Catbalogan City

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Template:PH wikidata, officially the Template:PH wikidata (Template:Lang-war; Template:Lang-tl), is a Template:PH wikidata [[Cities of the Philippines#Legal classification|Template:PH wikidata]] and capital of the province of Template:PH wikidata, Template:PH wikidata. According to the Template:PH wikidata, it has a population of Template:PH wikidata people.Template:PH census

It is Samar's main commercial, trading, educational, financial and political center. The city is the gateway to the region's three Samar provinces.

Catbalogan's patron saint is St. Bartholomew the Apostle whose feast day is August 24.

The Philippine Army's 8th Infantry Division (Stormtroopers) is based at Camp General Vicente Lukban, Barangay Maulong, Catbalogan City. The camp is named in honor of Gen. Vicente Lukbán, a Filipino officer in Gen. Emilio Aguinaldo's staff during the Philippine Revolution and the politico-military chief of Samar and Leyte during the Philippine–American War.[1]

History

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2016 stamp dedicated to the 400th anniversary of Catbalogan City.

Catbalogan City was founded in October 1596 by Spanish Jesuit priests and became the capital of the entire island of Samar. Friar Francisco de Otazo, S.J., who arrived in the Philippines in 1596, founded the Catbalogan Mission and was thus the first missionary to bring the Catholic faith to the people of Catbalogan. In 1627, Catbalogan was raised to the status of residencia (residence or central house) and among its dependencies were Paranas where in 1629 Father Pedro Estrada actively evangelized the area and Calbiga where he took whiterocks or grey limestone to use as building blocks for its church. The church has some arc-like stone roof that was pasted together to dry on each block, giving an arching force to the side. On October 17, 1768, Catbalogan was ceded to the Franciscans who took over from the Jesuits. The first Franciscan parish priest was Fray Jose Fayo, OFM.

During the early days of Spanish colonization of the Philippines in the 16th century, Samar was under the jurisdiction of Cebu but later was declared a separate province. In 1735, Samar and Leyte were united into one province with Carigara, in Leyte, as the capital. The union, however, did not prove satisfactory. In 1768, Catbalogan City became the provincial capital when Samar separated from Leyte and became an independent province.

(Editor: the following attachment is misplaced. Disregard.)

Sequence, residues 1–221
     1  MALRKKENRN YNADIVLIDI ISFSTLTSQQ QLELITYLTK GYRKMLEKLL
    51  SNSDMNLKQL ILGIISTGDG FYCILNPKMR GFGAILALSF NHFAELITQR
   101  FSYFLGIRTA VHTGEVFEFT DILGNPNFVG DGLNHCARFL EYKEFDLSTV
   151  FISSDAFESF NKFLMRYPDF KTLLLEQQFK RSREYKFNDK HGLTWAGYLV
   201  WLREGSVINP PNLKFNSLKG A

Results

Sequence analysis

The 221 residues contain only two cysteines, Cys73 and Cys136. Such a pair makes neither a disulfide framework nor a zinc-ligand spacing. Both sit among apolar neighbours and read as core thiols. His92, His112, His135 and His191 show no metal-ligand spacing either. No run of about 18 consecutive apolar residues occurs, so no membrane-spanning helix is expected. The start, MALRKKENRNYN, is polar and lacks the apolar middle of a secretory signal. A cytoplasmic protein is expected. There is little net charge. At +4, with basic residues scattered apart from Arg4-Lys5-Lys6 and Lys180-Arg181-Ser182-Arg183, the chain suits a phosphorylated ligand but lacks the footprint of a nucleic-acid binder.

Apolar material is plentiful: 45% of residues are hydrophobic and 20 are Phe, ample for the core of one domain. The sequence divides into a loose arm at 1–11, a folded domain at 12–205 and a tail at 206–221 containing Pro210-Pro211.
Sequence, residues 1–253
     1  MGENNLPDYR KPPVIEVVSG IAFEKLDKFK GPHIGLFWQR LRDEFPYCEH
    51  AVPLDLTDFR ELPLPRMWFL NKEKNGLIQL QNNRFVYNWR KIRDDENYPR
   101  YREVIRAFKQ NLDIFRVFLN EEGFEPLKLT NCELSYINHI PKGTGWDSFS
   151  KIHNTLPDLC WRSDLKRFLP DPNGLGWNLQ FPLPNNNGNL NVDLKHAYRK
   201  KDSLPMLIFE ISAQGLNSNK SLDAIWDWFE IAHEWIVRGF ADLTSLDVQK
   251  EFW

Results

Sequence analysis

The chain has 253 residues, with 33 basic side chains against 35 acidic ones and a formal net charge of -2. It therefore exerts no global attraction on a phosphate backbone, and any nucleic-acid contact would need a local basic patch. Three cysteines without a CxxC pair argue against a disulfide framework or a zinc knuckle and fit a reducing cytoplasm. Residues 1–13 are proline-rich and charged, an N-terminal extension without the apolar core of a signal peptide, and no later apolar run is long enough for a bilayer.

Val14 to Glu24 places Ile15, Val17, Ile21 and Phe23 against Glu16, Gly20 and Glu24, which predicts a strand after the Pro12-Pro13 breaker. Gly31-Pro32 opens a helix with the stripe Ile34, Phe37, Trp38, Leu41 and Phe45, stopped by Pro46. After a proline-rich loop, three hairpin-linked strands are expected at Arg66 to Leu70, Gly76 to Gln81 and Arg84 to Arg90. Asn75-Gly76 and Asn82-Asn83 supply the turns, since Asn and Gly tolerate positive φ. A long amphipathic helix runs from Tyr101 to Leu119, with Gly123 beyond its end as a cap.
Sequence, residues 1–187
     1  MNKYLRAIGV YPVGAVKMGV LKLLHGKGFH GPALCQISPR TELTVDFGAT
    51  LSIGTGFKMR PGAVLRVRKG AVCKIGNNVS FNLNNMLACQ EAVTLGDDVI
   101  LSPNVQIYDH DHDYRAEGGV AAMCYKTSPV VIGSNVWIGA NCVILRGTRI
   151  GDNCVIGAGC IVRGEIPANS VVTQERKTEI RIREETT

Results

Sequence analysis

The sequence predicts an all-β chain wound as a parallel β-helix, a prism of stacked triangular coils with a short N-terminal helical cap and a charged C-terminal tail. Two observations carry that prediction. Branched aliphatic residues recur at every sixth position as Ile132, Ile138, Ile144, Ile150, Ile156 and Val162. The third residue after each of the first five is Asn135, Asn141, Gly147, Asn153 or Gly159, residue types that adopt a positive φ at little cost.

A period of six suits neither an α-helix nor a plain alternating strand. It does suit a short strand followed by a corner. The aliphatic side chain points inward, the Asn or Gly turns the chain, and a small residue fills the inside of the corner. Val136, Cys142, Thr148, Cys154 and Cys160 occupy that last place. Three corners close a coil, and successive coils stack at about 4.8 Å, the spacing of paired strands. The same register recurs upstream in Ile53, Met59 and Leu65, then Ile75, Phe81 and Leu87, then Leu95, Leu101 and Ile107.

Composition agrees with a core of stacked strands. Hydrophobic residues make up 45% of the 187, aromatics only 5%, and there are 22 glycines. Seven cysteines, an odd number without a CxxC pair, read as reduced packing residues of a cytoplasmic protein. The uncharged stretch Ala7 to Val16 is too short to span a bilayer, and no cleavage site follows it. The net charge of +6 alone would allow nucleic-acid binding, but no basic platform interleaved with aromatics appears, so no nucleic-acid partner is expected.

On December 31, 1898 during the Philippine Revolution, Vicente Lukban arrives on Catbalogan City. The rest of the authorities in Samar are now under his jurisdiction.

On January 27, 1900, the Americans captured Catbalogan City during the Philippine–American War (1899–1902). On June 17, 1902, a provincial civil government was established on Samar Island by an act of the Philippine Commission with Julio Llorente of Cebu as the first governor of Samar.

On May 24, 1942, during World War II, Japanese forces landed in Barrio Pangdan on early morning and occupied the capital. On December 18, 1945, American and Filipino forces liberated Catbalogan City from the Japanese.

In 1948, the barrios of Jiabong, Jiaan, Malino, San Fernando, Casapa, Camoroboan, Lologayan, Magcabitas, Paglayogan, Dogongan, Bayog, and Malobago were separated to form the municipality of Jiabong.[2]

On June 19, 1965, the Philippine Congress, along with the province's three congressmen, Eladio T. Balite (1st District), Fernando R. Veloso (2nd District) and Felipe J. Abrigo (3rd District), approved Republic Act No. 4221 dividing Samar into three provinces, namely Western Samar, Eastern Samar and Northern Samar, respectively. Catbalogan City thus ceased to be the capital of the whole island-province after enjoying the prestige of being the premier town of Samar for 197 years since 1768.

On June 21, 1969, under Republic Act No. 5650, Western Samar was renamed Samar with Catbalogan City remaining as the capital.

The greatest calamities to occur in Catbalogan City were big fires. The April 1, 1957 conflagration, considered as the most destructive one, caused damage to properties in the amount of thirty million pesos. The next was on May 19, 1969, where damage was estimated at twenty million pesos and the more than century-old Saint Bartholomew Roman Catholic Church was razed to the ground. Paradoxically, like the proverbial Phoenix, each time Catbalogan City suffered under the throes of these calamities, better buildings and infrastructures emerged from the ashes.